Edward Norton’s Motherless Brooklyn, based on Jonathan Lethem’s novel, is by Norton’s own admission a passion project some 20 years in the making. It’s easy to see what would attract Norton to the role of Lionel Essrog, a sorta-kinda private detective investigating his boss and mentor’s murder. It’s less clear why Norton has decided to change so much of Lethem’s novel. One thing remains the same, and that’s Lionel’s mental and physical maladies: Tourette’s syndrome with a healthy dash of OCD. But what comes across as a clever attempt at manipulating language in the novel — Lethem uses Lionel’s constant blurts and interruptions as almost poetic punctuation to long swaths of hyper-verbal interior monologuing — becomes a kind of affectation, a bunch of actorly tics, when presented on film. Films tend to literalize things, and what works on the page doesn’t necessarily translate to the screen. Norton has also moved the action from the (then contemporary) late-90s to the mid-50s, an era of economic prosperity and urban growth post-WWII, in effect erasing the ironic, vaguely postmodern aspect of Lethem’s novel. By virtue of the period, Norton is inserting Motherless Brooklyn into a continuum alongside Chinatown and L.A. Confidential, comparisons that do his film no favors.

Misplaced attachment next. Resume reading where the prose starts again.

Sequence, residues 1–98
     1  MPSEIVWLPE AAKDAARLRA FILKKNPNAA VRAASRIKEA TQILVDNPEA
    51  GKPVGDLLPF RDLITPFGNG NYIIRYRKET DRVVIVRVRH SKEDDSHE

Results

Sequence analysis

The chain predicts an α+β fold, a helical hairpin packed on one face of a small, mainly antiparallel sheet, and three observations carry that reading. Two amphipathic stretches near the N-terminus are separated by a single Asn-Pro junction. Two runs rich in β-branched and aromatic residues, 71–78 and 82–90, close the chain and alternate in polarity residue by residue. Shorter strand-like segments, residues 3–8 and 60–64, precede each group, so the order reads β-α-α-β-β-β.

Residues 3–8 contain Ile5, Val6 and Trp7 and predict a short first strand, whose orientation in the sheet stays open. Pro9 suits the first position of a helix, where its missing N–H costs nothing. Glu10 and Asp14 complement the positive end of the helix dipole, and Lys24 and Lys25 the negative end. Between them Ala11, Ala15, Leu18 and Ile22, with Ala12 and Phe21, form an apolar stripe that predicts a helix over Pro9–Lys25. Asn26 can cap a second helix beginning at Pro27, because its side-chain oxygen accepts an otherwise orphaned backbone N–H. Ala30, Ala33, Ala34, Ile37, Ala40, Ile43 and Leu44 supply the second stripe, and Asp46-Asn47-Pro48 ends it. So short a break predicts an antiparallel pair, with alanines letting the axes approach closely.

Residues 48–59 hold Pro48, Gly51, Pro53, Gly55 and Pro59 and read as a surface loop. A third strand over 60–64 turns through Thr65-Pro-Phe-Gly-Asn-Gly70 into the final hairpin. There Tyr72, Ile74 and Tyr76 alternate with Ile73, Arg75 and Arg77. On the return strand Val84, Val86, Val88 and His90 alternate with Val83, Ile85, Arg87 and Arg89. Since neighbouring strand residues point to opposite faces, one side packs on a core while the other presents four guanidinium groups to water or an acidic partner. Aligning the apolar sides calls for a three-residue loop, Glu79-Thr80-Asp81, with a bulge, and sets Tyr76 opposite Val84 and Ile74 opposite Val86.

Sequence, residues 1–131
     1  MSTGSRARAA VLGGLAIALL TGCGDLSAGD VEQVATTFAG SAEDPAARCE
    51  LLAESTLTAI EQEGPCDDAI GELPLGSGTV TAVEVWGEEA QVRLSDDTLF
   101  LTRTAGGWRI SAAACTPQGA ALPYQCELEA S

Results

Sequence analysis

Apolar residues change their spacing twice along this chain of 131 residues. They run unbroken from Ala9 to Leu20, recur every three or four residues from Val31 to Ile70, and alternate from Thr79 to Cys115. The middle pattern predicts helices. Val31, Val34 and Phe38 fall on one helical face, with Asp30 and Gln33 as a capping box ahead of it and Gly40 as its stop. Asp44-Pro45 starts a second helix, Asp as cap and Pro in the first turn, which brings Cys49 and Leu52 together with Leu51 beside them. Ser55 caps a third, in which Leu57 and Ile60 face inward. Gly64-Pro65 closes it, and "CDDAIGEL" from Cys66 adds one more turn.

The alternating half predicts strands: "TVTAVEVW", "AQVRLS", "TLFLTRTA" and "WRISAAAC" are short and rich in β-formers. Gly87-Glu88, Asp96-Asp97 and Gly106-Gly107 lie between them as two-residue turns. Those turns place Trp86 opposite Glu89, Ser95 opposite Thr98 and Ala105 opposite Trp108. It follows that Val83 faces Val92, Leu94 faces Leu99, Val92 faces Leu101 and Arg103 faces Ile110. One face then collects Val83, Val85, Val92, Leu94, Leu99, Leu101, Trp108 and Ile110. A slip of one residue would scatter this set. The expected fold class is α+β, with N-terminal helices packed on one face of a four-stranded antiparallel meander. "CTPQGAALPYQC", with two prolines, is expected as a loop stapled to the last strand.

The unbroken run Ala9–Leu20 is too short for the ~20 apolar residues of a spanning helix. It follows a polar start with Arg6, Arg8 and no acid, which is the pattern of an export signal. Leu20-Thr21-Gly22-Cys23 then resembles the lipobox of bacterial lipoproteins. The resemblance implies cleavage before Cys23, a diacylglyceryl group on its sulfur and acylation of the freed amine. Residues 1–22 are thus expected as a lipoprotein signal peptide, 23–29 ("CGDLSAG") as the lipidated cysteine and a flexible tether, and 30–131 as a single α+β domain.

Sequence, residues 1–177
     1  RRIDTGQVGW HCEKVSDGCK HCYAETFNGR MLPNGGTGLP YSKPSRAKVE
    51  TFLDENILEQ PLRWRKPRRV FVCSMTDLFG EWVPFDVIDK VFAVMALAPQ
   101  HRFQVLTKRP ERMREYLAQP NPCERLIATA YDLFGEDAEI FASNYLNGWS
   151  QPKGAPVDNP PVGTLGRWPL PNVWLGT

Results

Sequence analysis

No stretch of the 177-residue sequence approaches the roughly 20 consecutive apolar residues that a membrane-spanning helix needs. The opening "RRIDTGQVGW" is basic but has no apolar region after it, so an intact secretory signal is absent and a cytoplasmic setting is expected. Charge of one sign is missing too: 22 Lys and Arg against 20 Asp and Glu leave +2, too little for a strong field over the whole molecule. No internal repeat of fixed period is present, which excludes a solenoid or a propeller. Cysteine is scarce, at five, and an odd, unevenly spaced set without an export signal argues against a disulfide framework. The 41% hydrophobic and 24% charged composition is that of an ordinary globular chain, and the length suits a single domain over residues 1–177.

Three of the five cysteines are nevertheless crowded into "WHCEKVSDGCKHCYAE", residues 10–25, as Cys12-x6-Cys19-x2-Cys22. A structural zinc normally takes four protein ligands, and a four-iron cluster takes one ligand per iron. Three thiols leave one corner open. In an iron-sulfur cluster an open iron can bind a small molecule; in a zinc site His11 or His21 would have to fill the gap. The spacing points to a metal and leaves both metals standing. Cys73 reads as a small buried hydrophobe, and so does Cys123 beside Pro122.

Motherless Brooklyn isn’t a terrible film by any means. It’s got a reasonably interesting murder mystery at its core and it embraces a kind of old fashioned, classical Hollywood mode without too many bells and whistles. It’s certainly never boring. But so much of the novel is inside Lionel’s head that Norton can only replicate it onscreen via endless voiceover, a workaround that does his character a disservice. After witnessing the death of Frank Minna (a surprisingly engaged Bruce Willis, with a welcome twinkle in his eye), Lionel begins digging into a labyrinthine web of lies and deceit, eventually leading him to a jazz club and the political machinations of Moses Randolph (Alec Baldwin), a barely veiled version of the real life Robert Moses, the infamous New York land developer immortalized in Robert Caro’s well known The Power Broker. There’s an earnest attempt at critiquing institutional racism here, as Randolph destroys low income, predominantly minority communities, to make parks and roads and freeways for the rich and white. And by placing a jazz club as a central location, Norton can indulge in the music and milieu of African Americans. But the optics of Norton playing as tourist of black culture aside, the film simply bites off more than it can chew. Virtually every aspect of Motherless Brooklyn winds up feeling rushed and truncated, as Norton bounces around from plot to plot and continuously introduces new characters — almost all of whom have been invented for the film. It’s also a weirdly bland production in terms of its visuals. Working with cinematographer Dick Pope, Norton conjures the occasional arresting image, with some compositions seemingly inspired by Edward Hopper and full of rich neon colors. But daytime scenes are flat and gray, frequently overcast with a beige coating over everything. There’s a cheap digital sheen that grates the eye. For all the attention paid to period detail — there is a car chase sequence that has a truly staggering amount of old-timey cars on the road — costumes and interiors are mostly just shades of brown. There are some dream sequences that are visually incompetent, and the occasional drugged-up interlude (Lionel smokes weed to calm his mind) that smacks of cheap CGI. It’s hard to discern what is an actual artistic choice and what is merely incompetent post-production, as if everything got hit with some generic gray filter during the color grading. For something twenty years in the making, Norton could have smoothed out some of the rough edges here. Instead, we’re left with just an ok film that’s got a lot of ideas on its mind and no real idea how to fully explore them.